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The Domestic Church

From First Thoughts

Here’s something shocking that the bishops said about marriage—not the bishops in the Synod in Rome right now, but the Fathers of Vatican II. In Gaudium et Spes, they said that the task of being a father or mother is a munus, a Latin word that means service, gift, duty, and office. Continue Reading »

Suffer the Children

From Web Exclusives

The discussion preceding the synod of bishops on the family has ignored the most vulnerable party in divorces and remarriages: children. In so doing, it mirrors the discussion of sex and marriage in western culture more broadly, which focuses on the gratification of the desires of adults—however legitimate—while paying no attention to the needs of children. Continue Reading »

Advice for Grad School Students

From First Thoughts

It took me five years of graduate school to realize that my study is a vocation. My thinking about this was prompted by finally reading A.G. Sertillanges’s The Intellectual Life, which along with Josef Pieper’s Leisure: The Basis of Culture and Elizabeth Corey’s “Learning in Love” make essential reading for anyone considering graduate work or a career in the intellectual world. Culling insights from those thinkers and from my own time in graduate school, I thought I would offer some thoughts for those beginning graduate school. Continue Reading »

Sermons Anglican and Catholic, Parochial and Plain

From Web Exclusives

The small oratory at Littlemore”dark but warm, dominated by red damask hangings that exude Victorian piety”is the room in which John Henry Newman was received into full communion with the Roman Catholic Church. Newman is most famous for that act, and that is why the Catholic Church celebrates his feast day today, on the anniversary of his reception, and not on the day of his death, as is customary. Those of us who have followed in his footsteps from evangelical Protestantism through Anglicanism into Catholicism revere him. For us he is a guide and patron who spurred us on and captures what we thought and felt with prose, intellect, and holiness to which we can only aspire… . Continue Reading »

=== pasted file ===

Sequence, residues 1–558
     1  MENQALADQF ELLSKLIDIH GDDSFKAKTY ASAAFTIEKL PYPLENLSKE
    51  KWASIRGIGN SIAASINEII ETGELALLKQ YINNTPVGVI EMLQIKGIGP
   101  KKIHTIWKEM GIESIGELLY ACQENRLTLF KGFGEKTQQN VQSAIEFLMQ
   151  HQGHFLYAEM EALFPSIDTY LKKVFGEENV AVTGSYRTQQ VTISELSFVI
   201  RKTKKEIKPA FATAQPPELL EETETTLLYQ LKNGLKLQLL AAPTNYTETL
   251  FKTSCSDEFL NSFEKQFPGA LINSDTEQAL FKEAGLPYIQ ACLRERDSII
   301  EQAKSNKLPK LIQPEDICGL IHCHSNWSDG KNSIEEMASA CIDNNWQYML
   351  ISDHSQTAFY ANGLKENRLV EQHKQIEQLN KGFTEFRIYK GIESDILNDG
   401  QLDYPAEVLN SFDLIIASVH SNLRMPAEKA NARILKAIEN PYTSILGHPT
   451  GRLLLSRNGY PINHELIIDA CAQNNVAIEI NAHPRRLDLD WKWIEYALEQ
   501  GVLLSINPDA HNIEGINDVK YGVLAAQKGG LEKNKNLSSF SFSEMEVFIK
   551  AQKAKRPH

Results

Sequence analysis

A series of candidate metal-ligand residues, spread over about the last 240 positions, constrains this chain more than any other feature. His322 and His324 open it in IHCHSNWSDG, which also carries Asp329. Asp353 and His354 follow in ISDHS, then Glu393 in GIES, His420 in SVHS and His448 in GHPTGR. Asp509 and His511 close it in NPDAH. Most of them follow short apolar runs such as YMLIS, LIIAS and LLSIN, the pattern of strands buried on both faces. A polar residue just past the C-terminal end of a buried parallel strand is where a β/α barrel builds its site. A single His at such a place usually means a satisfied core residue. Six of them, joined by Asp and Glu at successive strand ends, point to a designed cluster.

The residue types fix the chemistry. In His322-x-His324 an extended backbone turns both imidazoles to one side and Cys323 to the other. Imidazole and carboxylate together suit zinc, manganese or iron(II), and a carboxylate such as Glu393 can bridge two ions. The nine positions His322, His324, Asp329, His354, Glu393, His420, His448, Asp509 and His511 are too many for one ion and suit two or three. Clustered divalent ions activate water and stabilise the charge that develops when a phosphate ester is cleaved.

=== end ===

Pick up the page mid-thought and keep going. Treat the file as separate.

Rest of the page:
Francis in Dialogue with the World

From Web Exclusives

“The most serious of the evils that afflict the world these days are youth unemployment and the loneliness of the old.” So begins the most recent papal interview, this one with Eugenio Scalfari, founder of the Italian paper La Repubblica, with whom Francis had already had an exchange of letters. If you look at that sentence as it stands, it sounds a bit incongruous… . Continue Reading »

Prophet Pope

From Web Exclusives

“I am a sinner.” That is the key for understanding Pope Francis. He tells us so at the very beginning of his interview with Antonio Spadaro, S.J., for Jesuit publications worldwide. “This is the most accurate definition. It is not a figure of speech, a literary genre. I am a sinner.” He is also, he says, “a sinner whom the Lord has looked upon,” and upon whom the Lord has had mercy. Sin and mercy are two of the key words emerging from the interview which, at over ten thousand words, offers us the best picture yet of the pope and provides a broader context for the words and gestures of his pontificate… . Continue Reading »

Christ with the Damned

From First Thoughts

In his column yesterday , Stephen Webb argues that von Balthasar’s view of the descent into hell is incorrect, but not for the usual reasons. Webb agrees with von Balthasar that Christ enters the abode of the damned, but argues that he comes to preach, not to suffer. Based on his experience . . . . Continue Reading »

Where’s the Sin?

From Web Exclusives

The word sin never once appears in the English text of Lumen Fidei, the new encyclical letter released last month by Pope Francis. (It does, however, appear in a quotation in the Latin text that is clipped in the translation.) Neither Francis nor Pope Benedict XVI (whom Francis acknowledges as the author of the encyclical’s first draft) are afraid… Continue Reading »

Pope Francis and the Primacy of Grace

From First Thoughts

One of the greatest theological diseases we find in contemporary Catholicism is pelagianism, the notion that we’re all basically good people whose moral improvement and salvation is the result of our good actions. In this mindset, God’s grace becomes less consequential because . . . . Continue Reading »